Iceland's high profile switch to organic foods appears to have been unwise. It now believes that consumers are "not ready to make the jump" into the organic arena. However, Iceland's competitors have reported strong growth in their organic sales. Clearly there's a growing market for organic food - but the switch needs to happen organically.
UK frozen foods retailer Iceland yesterday revealed that like-for-like sales dropped by 1.5% in the six months to December 29. Shares in the frozen food retailer have similarly fallen since the announcement, dropping 15.6% to 218p at close of trade on Monday.
The company's 100% switch to organic foods at no extra cost to the consumer seems to lie at the heart of the problem. Even though consumer research found that 75% of consumers would prefer to buy organic food if it were sold at no extra cost, the move now appears to have been misguided. The switch to organic was announced last June when public interest in organic food was at its height amid high profile BSE outbreaks and food scares. Now however, the hype appears to have subsided and Iceland has been forced to admit defeat, claiming consumers were not ready to 'make the jump'. Iceland's food sales fell by 5.5% over the festive period, forcing the frozen food company to cut back on its pledge to stock organic products and re-evaluate its move into pesticide-free food.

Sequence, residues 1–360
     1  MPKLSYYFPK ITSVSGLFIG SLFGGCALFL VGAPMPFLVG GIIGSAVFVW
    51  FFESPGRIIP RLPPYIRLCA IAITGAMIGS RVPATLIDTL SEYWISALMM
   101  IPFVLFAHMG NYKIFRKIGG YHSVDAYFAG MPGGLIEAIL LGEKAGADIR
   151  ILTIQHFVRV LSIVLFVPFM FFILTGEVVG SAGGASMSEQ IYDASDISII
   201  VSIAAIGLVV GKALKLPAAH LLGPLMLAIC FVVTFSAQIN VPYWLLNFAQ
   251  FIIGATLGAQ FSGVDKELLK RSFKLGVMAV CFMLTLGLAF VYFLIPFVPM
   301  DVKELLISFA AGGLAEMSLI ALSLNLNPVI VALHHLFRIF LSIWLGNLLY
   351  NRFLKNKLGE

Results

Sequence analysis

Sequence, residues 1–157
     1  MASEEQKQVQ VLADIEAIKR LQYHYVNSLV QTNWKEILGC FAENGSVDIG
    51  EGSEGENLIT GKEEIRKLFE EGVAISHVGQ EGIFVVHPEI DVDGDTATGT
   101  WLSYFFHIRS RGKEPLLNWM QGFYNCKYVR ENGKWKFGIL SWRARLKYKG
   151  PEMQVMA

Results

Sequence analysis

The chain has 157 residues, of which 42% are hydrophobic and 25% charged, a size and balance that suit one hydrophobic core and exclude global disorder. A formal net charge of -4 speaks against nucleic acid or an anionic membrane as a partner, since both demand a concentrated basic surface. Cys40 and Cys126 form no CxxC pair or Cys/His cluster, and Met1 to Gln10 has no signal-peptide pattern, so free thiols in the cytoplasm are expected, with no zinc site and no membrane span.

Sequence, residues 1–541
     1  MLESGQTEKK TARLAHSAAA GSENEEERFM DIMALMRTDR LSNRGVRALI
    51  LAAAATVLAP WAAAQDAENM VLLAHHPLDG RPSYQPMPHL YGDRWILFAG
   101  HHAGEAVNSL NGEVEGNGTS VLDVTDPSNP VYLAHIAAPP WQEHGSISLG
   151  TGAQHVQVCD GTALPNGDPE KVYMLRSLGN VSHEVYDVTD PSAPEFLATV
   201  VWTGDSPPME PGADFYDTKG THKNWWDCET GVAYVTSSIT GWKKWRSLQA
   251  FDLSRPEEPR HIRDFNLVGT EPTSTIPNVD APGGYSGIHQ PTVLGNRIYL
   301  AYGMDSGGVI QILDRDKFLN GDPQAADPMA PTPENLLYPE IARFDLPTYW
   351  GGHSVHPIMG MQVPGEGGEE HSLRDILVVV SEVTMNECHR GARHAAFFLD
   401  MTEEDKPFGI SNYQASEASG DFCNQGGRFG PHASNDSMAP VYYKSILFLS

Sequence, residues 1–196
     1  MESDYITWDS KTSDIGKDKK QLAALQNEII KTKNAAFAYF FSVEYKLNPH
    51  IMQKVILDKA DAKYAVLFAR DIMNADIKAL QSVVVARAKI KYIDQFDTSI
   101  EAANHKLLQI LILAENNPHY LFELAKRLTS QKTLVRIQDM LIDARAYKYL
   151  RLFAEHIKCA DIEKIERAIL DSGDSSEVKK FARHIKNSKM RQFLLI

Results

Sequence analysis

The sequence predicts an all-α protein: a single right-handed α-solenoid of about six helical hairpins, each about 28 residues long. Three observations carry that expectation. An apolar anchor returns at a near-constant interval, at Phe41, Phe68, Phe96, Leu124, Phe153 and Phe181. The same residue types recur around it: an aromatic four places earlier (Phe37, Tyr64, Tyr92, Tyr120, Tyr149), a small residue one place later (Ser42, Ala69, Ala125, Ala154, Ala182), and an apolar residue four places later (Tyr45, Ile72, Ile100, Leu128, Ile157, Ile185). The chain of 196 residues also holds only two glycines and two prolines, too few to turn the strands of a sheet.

Iceland's competitors are telling a very different tale. Tesco claims its 750 organic lines are selling well and Safeway reports year-on-year growth for organic food at 85%. Such contradictory reports suggest Iceland has misjudged the market. Its full-steam-ahead approach seems to have overshot consumer demand whereas the more gradual approach of the leading retailers is encouraging a steady consumer conversion. The organic opportunity clearly exists and undoubtedly there is consumer demand but retailers should be wary of launching new initiatives too quickly.
Some valuable lessons can be learned from recent events at Iceland. The organic momentum is clearly underway but consumers are not ready for full-scale conversion. If retailers are looking to increase their organic sales then gentle persuasion is needed. Implementing a 100% switch to organic food will simply frighten off consumers - as Iceland now knows all too well.